Ideal::Gateway::IdealGateway.private_certificate_file = ideal_directory + 'private_certificate.cer'
Ideal::Gateway::IdealGateway.ideal_certificate_file   = ideal_directory + 'ideal.cer'

Show a payment form

Show a list of all issuers (banks) to choose from.

class PaymentsController < ActionController::Base
  def new
    @payment =
    @issuers = sorted_issuers
  def ideal
  def sorted_issuers
    # NOTE: this does a GET on the bankend, you might want to memoize this
    ideal.issuers.list.sort_by do |issuer|
      issuer[:name] do |issuer|
      [issuer[:name], issuer[:id]]

<%= form_for(@payment) do |f| %
  <%=, @issuers)
<% end %

Would result in something like:

Set up a payment

First you’ll need to setup a transaction and redirect the consumer there so she can make the payment:

class Payment < ActiveRecord::Base
  # Validation code used to validate returning notifications from iDeal
  def ideal_entrance_code
  def ideal_attributes
      # The customer has 30 minutes to complete the iDeal transaction (ISO 8601)
      :expiration_period => "PT30M",
      :issuer_id         => issuer_id,
      :return_url        => return_url,
      :order_id          => id.to_s,
      :description       => description,
      :entrance_code     => ideal_entrance_code

class PaymentsController < ActionController::Base
  def create
    payment = Payment.create(params[:payment].merge(
      :price_in_cents => 1000,                  # €10.00 in cents
      :return_url => payment_url(payment),      # This is where the customer will be returned to
      :description => 'A Dutch windmill'        # This will end up on the customer's bank statement (max 32 ASCII chars)
    response = ideal.setup_purchase(payment.price_in_cents, payment.ideal_attributes)
    if response.success?
      payment.transaction_id = response.transaction_id
      payment.status = 'pending'
    else"Payment initialization failed: [#{response.error_message}] #{response.error_details}")
    # Redirect the consumer to the issuer’s payment page.
    redirect_to response.service_url

After the consumer is done with the payment she will be redirected to the :return_url. It’s now your responsibility as merchant to check if the payment has been made:

class PaymentsController < ActionController::Base
  def show
    @payment = Payment.find(params[:id])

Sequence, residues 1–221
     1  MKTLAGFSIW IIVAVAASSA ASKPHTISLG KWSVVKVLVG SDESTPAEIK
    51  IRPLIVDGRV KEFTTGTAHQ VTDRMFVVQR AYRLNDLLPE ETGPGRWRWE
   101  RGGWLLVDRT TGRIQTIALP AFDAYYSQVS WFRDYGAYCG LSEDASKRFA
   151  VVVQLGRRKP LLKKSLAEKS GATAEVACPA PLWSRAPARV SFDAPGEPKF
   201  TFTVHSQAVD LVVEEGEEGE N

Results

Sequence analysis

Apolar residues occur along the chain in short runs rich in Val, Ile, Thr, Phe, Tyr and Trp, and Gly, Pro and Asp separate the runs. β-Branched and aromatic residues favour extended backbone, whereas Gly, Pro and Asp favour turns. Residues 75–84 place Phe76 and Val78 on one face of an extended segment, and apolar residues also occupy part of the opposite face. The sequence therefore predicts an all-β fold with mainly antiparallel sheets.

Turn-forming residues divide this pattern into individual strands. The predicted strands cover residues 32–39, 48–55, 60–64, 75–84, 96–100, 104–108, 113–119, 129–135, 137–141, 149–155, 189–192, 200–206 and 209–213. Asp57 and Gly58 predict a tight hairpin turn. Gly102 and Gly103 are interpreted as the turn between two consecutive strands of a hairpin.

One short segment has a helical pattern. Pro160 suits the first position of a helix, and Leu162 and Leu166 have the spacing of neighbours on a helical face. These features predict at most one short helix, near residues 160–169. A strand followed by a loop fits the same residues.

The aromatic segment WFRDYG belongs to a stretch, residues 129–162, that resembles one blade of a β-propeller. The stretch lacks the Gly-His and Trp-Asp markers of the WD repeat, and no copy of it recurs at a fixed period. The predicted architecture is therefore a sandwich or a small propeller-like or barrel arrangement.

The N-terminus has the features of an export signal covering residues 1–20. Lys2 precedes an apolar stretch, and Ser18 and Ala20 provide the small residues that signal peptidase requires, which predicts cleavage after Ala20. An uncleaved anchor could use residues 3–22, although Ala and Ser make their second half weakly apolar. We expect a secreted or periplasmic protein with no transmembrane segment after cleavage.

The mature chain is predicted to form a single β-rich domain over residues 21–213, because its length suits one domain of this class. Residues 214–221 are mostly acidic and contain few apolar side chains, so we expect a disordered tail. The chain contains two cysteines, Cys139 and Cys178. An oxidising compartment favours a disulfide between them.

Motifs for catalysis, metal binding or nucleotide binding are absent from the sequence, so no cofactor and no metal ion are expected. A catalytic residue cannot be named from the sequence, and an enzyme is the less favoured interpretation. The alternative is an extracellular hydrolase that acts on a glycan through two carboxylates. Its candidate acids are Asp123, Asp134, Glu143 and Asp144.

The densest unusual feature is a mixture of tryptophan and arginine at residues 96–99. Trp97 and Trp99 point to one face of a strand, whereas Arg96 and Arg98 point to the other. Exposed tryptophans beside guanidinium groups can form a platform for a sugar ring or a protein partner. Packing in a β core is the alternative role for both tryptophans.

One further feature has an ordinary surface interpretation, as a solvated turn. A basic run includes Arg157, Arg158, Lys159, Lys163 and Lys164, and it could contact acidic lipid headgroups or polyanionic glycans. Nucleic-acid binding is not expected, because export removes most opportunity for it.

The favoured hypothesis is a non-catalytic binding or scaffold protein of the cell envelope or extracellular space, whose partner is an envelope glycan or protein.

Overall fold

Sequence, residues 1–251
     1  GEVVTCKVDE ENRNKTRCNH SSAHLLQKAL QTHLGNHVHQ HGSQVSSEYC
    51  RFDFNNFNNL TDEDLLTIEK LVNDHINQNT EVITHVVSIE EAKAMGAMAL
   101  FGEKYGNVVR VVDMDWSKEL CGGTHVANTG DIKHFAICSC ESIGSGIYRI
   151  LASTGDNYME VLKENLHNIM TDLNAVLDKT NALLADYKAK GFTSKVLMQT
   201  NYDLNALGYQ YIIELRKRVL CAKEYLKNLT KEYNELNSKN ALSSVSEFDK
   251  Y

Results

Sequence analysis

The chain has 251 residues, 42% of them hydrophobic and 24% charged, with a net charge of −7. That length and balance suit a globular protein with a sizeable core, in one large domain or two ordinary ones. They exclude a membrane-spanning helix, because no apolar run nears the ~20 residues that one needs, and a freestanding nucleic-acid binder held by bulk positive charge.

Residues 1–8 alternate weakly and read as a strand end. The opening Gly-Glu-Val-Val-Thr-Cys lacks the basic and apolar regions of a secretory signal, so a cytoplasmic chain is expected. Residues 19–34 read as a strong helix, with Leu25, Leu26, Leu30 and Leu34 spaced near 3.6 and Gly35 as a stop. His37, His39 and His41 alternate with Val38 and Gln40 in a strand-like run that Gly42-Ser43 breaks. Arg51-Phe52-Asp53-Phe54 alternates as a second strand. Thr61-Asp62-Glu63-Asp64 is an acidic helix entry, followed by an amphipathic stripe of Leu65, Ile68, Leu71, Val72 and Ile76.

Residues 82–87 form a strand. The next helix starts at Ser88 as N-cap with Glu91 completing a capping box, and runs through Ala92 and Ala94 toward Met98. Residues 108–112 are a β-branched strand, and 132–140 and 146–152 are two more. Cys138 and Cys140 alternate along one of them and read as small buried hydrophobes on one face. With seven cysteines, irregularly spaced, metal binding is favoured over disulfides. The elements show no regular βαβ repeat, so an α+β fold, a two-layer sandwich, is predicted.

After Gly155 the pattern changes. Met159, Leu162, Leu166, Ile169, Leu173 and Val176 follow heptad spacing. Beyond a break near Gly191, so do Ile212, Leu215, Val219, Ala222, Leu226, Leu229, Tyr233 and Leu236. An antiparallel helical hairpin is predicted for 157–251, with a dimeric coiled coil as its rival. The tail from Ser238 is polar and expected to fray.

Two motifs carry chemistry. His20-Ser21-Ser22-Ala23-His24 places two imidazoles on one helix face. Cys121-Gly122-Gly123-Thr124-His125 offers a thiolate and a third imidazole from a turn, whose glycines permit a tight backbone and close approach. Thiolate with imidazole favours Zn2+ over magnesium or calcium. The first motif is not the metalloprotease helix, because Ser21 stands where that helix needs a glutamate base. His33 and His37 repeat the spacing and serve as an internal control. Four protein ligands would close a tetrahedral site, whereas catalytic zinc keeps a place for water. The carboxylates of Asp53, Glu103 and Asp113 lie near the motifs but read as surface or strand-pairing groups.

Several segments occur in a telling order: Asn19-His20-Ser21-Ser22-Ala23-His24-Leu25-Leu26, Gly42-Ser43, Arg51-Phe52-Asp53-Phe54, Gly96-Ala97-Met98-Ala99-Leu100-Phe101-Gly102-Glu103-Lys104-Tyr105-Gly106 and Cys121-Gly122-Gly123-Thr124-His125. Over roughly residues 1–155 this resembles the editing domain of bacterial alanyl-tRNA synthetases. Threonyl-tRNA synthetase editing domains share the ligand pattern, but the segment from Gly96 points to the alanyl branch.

status = ideal.capture(@payment.transaction_id)
    if status.success?
      @payment.update_attributes!(:status => 'paid')
      flash[:notice] = "Congratulations, you are now the proud owner of a Dutch windmill!"

Help out!

If you find anything wrong with the gem, we would love to hear from you. Please create an issue with a patch if you run into anything.


In 2006 an iDEAL payment library was written in Ruby for a web shop build in Rails for selling mobile phone credits. It was basically a translation of the PHP example given by the iDEAL organization (see iDEAL Advanced Integration Manual PHP). Is was released as the ideal-on-rails library.

In 2007 this code was refactored as a patch for the ActiveMerchant library, this was mainly done by Fingertips for a client project. This patch was never accepted due to the fact it was too different (and maybe too obscure) from the ‘normal’ credit card gateways. After some lobbying an older patch of the code eventually found it’s way into ActiveMerchant.

In 2009 Fingertips forked the ActiveMerchant library and added an iDEAL gateway based on the ActiveMerchant path.

In 2010 this code was extracted and converted into a separate gem by Frank Oxener of Agile Dovadi, so it can be more easily used in combination with the latest version of ActiveMerchant. This library was just an extraction, nothing more and nothing less. There were no fundamental changes between the code from the ideal branch and the code of this gem. Later that year Sernin van de Krol added support for ABN AMRO.

At the end of 2011 Fingertips made yet another fork of the code as the iDeal gem. They ripped out all ActiveMerchant and Rails dependencies. In 2012 ABN AMRO switched their backend and support for this was also added.